Posts Tagged ‘Westchester Realtor’

I was quoted three times in an article on the 2010 real estate market discussing how sellers have adjusted to falling property values.

“Look at it like the stages of grief,” says J. Philip Faranda, the broker-owner of J. Phillip Real Estate in Westchester County, N.Y. “In 2006 and 2007, it was denial; in 2008 and 2009, it was mourning; in 2010, it’s acceptance.”

Sellers slow to change

It’s not surprising that it would take some time for sellers to come to terms with the market’s rapid and drastic changes. It’s a learning process — a “price-discovery process,” in economic terms.

Sellers frequently concede they’re harboring unrealistic expectations only after having tried and failed to sell their home. (See “Are you the reason your home won’t sell?“) Or they’ve watched other sellers reduce prices repeatedly to get buyers to even look at their homes, then seen those sellers relinquish additional ground when negotiating.

Pride often prevents sellers from seeing foreclosures as the new competition.

“If a guy with a half-million-dollar house still thinks it’s worth $600,000, I can show him two or three foreclosures that are listed for $400,000 and $450,000 and ask him how he thinks I’m going to hypnotize people into buying his house for $600,000,” Faranda says.

The Internet has helped change expectations. A seller traditionally blames his agent when his home isn’t selling. But today, Multiple Listing Service and syndication agreements let sellers list homes for sale on a dozen or more Web sites (take a look around your neighborhood), so “all the old excuses of ‘you’re not advertising my house’ have gone away,” Faranda says.

The reporter told me that she found me on Active Rain, which is nice to hear. I post quite a bit on that blog. The link is in the sidebar. I also got a nice hate email, from some anonymous guy who told me what a bad person I am because I helped cause the economy to fail. His presumptiveness is secondary; I acknowledge his frustration.

My main point in the interview with the reporter was that, once listed, a home becomes virtually ubiquitous, and, therefore, the main reason any home doesn’t sell is price.

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Generally, not up. There may be pockets of improvement, as all markets are local, but we aren’t on solid ground. We haven’t grown out of the recession yet, and there are questions as to whether the gigantic spending the administration is doing will sabotage or foster prosperity. Les Christie of CNN/Money rightly observes that rising rates, foreclosures and the eventual end of the tax credit will continue to suppress prices. I agree.

There are no arguments to the contrary. Money markets are still a shambles, the public is either unemployed or freaked out, and inventory is being pelted daily with cheap REOs. While New York is not as bad as Las Vegas or South Florida, we aren’t immune either- I see more short sales and distress now than 18 months ago. It has to cycle out before we’ll see sustainable, general improvement.

Buyers are in the driver’s seat.

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How good are the schools?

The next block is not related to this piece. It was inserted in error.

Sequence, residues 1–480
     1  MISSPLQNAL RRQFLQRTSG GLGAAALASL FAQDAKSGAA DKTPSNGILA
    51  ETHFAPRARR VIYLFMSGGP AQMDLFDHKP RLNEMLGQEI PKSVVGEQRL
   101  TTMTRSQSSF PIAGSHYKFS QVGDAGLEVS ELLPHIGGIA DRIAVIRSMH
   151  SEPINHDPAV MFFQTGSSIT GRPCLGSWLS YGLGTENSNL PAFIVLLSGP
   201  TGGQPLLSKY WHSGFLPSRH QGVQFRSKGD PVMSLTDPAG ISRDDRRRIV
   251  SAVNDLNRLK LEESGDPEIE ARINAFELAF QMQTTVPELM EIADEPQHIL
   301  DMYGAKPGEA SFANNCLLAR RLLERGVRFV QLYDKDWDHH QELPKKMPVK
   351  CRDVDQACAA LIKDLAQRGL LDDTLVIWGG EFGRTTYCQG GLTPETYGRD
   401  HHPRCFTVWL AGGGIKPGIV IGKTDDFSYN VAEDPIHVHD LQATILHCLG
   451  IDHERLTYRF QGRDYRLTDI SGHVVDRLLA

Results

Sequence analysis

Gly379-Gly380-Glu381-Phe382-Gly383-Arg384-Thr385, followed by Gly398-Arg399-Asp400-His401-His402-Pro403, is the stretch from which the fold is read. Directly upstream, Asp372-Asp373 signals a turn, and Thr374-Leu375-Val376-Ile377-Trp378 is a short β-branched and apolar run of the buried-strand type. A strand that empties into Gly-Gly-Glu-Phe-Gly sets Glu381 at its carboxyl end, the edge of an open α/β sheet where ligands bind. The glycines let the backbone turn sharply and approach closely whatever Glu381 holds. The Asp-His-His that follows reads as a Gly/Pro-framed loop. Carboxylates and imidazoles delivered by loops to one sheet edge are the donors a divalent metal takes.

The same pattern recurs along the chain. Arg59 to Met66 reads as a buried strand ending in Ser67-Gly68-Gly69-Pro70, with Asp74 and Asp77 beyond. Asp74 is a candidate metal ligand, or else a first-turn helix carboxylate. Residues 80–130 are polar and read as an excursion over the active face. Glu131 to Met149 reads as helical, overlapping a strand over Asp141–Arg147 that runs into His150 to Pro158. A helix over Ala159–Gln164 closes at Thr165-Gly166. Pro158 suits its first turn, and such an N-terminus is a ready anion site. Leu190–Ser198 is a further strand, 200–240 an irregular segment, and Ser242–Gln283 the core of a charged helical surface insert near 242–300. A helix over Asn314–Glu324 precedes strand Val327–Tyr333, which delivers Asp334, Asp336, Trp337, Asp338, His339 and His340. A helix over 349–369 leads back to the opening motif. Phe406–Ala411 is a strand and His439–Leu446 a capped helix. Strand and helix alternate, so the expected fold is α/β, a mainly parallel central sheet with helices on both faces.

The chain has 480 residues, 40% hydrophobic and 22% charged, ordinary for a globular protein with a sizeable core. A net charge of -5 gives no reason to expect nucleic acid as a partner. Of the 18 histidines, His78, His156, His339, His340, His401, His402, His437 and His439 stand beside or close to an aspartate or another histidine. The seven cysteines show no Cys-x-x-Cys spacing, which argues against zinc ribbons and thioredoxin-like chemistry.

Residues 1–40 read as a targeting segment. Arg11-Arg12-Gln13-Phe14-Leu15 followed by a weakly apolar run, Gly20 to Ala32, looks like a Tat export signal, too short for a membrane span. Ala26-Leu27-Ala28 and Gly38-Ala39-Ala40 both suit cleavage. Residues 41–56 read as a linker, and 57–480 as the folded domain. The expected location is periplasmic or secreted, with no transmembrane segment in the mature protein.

I can’t tell you. Brokers are forbidden from steering.

I can tell you where to go:

Use it in good health.

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I closed 2 deals this week. Both were first time home buyers. One bought a home in Patterson, NY and the other closed on a short sale in Monroe, NY.

Eve and Ryan bought in Patterson and were one of the fastest FHA deals I have ever witnessed. They have great plans for this home, as it sits on a beautiful private piece of property. I will remain in touch with them for sure. They were very motivated buyers from the first day we met. They were all about finding the right place, and once we found the place, they took my coaching on negotiation and we ended up getting a $399,000 listing (which had just been reduced from $450,000) for $350,000.

Michael and Stephanie were referrals from an old high school classmate who is Michael’s older brother. They had been out looking for a while, and a prior agent had written an offer for them which didn’t work out. They didn’t have a good experience with this agent, and it did help that Mike’s brother vouched for me. We found a short sale which took almost 4 months to get closed, as short sales do take a long while, and it almost looked for a while that the deal might die. Luckily, when the approval came through they had their act together, and were able to close a day ahead of the lender’s deadline. The closing itself was not without drama, as the seller’s attorney was never on point and our lawyer had to do some fast work that morning to make everything come together. The closing lasted 3 1/2 hours. But close it did.

I have at least 2 more pending transactions which should close this month.

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One of the great neighborhoods in Ossining is known as the Indian Village. All of the streets have tribal names, such as Mohawk and Seneca Roads. I happened to grow up on Osage Drive. Although most of the streets are pre war, the majority of the homes are baby-boom era housing. In that respect the place is a bit like Levittown on Long Island; the original homes are slowly giving way to larger, expanded structures.


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